The recipe said to mince the mints before adding them to the mixture. A woman was making a new delicacy to take on a picnic where she and her friends were going to listen to a speech about why the city needed two new mints to replace an older one; in addition, she took several refreshing mints to savor and to share with her friends.
Tom's mother said, "When your teacher tells you to do something, you are expected to mind."
Tamika's friend told Nell that she couldn't concentrate because her mind was always wandering and she couldn't keep it focused on anything.2. A collective or group which reflects public attitudes, etc.: The public mind is not supportive of building the new bridge.
The road was mined with artillery shells making it dangerous to use.
2. To have dug for valuable metals or ore: The men mined for gold in the abandoned mine in the mountain.
The difference between a railway conductor and a school teacher is that the conductor minds the train and the teacher trains the mind.
2. Relating to something which does not involve serious risk to one’s life: Laurel has a minor illness that requires her to stay in bed for just a few days.
The company employed a young coal digger who was the first minor miner to be hired in several years.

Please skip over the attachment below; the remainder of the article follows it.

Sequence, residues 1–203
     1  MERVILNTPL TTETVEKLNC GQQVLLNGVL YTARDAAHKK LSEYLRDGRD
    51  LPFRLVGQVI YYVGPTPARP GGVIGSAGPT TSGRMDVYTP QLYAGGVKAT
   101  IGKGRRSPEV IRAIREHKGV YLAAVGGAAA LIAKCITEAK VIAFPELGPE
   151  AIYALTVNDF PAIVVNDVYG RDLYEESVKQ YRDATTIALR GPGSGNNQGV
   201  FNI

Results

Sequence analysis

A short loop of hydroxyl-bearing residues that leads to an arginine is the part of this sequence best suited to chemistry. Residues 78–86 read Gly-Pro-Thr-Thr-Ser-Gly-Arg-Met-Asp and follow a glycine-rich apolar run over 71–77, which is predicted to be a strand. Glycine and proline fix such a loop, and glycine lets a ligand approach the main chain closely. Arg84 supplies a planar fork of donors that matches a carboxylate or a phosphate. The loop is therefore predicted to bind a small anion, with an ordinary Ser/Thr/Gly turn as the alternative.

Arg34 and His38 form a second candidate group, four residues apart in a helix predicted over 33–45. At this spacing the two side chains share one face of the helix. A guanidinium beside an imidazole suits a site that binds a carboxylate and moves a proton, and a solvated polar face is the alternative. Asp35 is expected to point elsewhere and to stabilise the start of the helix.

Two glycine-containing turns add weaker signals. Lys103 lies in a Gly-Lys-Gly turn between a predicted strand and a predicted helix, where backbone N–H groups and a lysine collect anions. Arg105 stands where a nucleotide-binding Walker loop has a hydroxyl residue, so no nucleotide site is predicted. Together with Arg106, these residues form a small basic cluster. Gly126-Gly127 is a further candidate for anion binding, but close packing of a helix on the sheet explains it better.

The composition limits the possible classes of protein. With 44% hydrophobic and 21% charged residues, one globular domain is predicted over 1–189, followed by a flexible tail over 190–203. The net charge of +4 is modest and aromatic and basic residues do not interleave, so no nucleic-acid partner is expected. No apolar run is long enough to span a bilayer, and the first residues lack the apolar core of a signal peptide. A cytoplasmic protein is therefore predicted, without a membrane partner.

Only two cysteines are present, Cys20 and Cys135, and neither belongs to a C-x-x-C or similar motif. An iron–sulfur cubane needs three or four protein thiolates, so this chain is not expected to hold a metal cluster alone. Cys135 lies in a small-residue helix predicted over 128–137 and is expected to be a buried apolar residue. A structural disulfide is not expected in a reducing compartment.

Shanna and Carolina were listening to the delightful minuet played by the string quartet.
2. The written record kept about the proceedings of meetings: The secretary printed the minutes from the morning's conference.
At the beginning of the symposium, the secretary read the minutes of the previous symposium.3. A short space or passage of time: Mr. Smith said, "Dale, Fern will be with you in a minute."
2. Relating to something which is very complete and precise: Jillian told Boris what happened at the meeting in minute details.
Shareen, will you dance the minute minuet with me? It requires minute care lest I tread on your toes.
2. A rocket which can be projected or fired towards a target; an unmanned weapon propelled by its own power: The missile was launched from the research station.
Silly Billy tore a page out of the missal and folded it into a missile which he was throwing around in his backyard.
Eugenia missed hitting the fly with the swatter.2. To have avoided something: Todd just missed being hit by the bicycle in the intersection.
3. To have noticed or to have felt the absence of someone or something: When Goldie reread her essay, she realized that she had missed several key points.
4. To have failed in participating in or attending something: Randy missed several lectures this year due to illness.
The cloud of very fine drops of water didn't get Carlos wet because the mist missed his area.